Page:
B. burgdorferi sensu lato (s.l.) complex includes B. burgdorferi sensu stricto (s.s.), B. afzelii, and B. garinii. B. afzelii, and B. garinii are found outside of the United States. B. burgdorferi s.s. are highly heterogeneous with significant variation in virulence and endogenous plasmid content. B. burgdorferi s.s. strain B31, which was isolated from a tick collected on Shelter Island (Burgdorfer et al., 1982), is the first sequenced strain and has been widely used for Lyme disease research. Another widely used B. burgdorferi strain is strain 297, which was isolated from the cerebral spinal fluid (CSF) sample of a Lyme borreliosis patient (Steere et al., 1983; Hughes et al., 1992). The endogenous plasmid sequence of B. burgdorferi strain 297 was published in 2011(Schutzer et al., 2011).
The advantage of using B. burgdorferi strain 297 to study gene regulation of B. burgdorferi is that ospC is highly expressed under the in vitro cultivation condition. Expression of ospC is induced by elevated temperature (37°C relative to ambient temperature, 25°C), low pH (pH 6.8–7.0), and high cell density (Yang et al., 2000). In fact, while high level of ospC expression can be achieved in B. burgdorferi strain B31 by temperature shift (first at 25°C then shift to 35°C), ospC expression in strain 297 can be easily achieved by directly cultivating the spirochete at 35 or 37°C without temperature shift. The level of OspC in 297 strain can be readily visualized as one of the most dominant bands in the protein profile when separated on Coomassie stained gel. This advantage has contributed in part, to the discovery of the first regulatory pathway in B. burgdorferi, the Rrp2-RpoN-RpoS pathway. In this pathway, the two-component system Hk2-Rrp2 activates the σN–σS (RpoN-RpoS) sigma factor cascade, leading to the production of σS (RpoS), which in turn, controls expression of many virulence genes including ospC and many other genes (for review, see, Samuels, 2011; Radolf et al., 2012; Ouyang et al., 2014; Ye et al., 2016b). In addition, many other factors including BosR (Hyde et al., 2009; Ouyang et al., 2009, 2011), BadR (Miller et al., 2013; Ouyang and Zhou, 2015), DsrA (Lybecker and Samuels, 2007), Rrp1 (Rogers et al., 2009; Sze et al., 2013; He et al., 2014), BtmA (Troxell et al., 2013), SodA (Esteve-Gassent et al., 2015), BBD18 (Dulebohn et al., 2014), also influence rpoS and ospC expressions.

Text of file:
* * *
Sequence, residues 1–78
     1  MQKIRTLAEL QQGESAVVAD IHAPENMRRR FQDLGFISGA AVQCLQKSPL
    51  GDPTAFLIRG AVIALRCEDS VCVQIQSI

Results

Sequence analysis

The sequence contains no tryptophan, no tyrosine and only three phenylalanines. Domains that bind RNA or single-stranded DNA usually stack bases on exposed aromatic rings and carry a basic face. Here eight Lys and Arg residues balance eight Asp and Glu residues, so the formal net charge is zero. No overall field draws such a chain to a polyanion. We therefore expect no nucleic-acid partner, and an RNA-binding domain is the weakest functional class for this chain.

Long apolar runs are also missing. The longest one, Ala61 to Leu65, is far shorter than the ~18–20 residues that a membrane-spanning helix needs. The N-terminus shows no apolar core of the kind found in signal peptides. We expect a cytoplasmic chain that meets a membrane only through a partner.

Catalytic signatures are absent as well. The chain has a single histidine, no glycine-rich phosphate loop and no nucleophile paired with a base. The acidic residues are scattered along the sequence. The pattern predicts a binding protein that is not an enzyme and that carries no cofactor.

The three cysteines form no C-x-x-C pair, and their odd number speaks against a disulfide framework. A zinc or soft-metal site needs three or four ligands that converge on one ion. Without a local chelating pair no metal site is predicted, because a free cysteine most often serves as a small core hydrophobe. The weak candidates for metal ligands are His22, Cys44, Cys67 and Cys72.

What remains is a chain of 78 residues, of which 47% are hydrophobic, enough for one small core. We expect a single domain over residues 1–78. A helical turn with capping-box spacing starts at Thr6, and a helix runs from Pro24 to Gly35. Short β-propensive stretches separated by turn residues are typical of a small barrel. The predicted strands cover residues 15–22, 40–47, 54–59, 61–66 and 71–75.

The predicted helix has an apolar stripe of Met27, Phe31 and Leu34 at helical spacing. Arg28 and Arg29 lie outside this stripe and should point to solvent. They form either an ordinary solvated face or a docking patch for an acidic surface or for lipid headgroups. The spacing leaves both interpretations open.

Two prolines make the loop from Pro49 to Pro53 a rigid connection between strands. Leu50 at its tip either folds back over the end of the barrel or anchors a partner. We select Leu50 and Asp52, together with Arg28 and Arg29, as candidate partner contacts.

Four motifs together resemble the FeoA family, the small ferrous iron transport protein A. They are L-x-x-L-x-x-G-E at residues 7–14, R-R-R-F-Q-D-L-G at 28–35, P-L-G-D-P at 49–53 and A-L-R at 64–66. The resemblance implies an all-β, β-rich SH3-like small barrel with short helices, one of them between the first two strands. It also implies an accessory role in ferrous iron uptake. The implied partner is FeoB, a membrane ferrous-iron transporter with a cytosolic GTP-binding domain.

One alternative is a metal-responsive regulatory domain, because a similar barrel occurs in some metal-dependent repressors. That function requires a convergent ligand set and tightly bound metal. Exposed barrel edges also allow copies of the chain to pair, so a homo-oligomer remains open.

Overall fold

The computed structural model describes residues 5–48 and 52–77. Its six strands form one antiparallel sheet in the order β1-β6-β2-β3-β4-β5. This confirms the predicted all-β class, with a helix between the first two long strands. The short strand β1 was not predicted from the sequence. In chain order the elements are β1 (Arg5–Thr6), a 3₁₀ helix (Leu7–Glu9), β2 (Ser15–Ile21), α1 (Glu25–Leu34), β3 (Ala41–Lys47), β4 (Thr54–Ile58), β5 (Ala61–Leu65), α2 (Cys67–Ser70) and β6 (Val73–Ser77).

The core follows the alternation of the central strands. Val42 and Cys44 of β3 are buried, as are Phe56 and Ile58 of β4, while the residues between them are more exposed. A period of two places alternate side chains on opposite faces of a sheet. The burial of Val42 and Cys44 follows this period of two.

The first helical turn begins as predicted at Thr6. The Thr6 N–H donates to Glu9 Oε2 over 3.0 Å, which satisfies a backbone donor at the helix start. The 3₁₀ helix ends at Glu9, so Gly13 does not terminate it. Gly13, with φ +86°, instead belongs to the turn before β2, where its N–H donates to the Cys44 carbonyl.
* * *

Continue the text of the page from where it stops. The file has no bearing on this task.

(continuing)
Performing plasmid profile for strain 297 has been challenging, as the endogenous plasmid sequences for this strain were not available until recently. In the past, primers used for tracking most of the plasmids of strain 297 clones were designed based on the sequence of strain B31, which is not appropriate. As such, it is difficult to determine whether the parental low passage 297 strain is a single or mixed clones. Similarly, it is also difficult to determine whether the commonly used 297 clones derived from the original 297 strain have a complete plasmid content. In this study, based on published plasmid sequences of B. burgdorferi strain 297 (Schutzer et al., 2011; Casjens et al., 2012), we developed a multiplex PCR method specifically for rapid plasmid profiling of strain 297. We analyzed plasmid profiles of the original 297 strain and the derived clones with different levels of ospC expression. Since it has been reported that genes carried on certain plasmids in strain B31, e.g., bbd18 on lp17, influence ospC expression (Sarkar et al., 2011; Dulebohn et al., 2014), we tested whether the difference in plasmid contents contributes to the variation in OspC levels among the clones. We found that different clones expressed different levels of BosR, and such difference, not the difference in their plasmid profiles, contributes to the ospC expression variation among B. burgdorferi strains.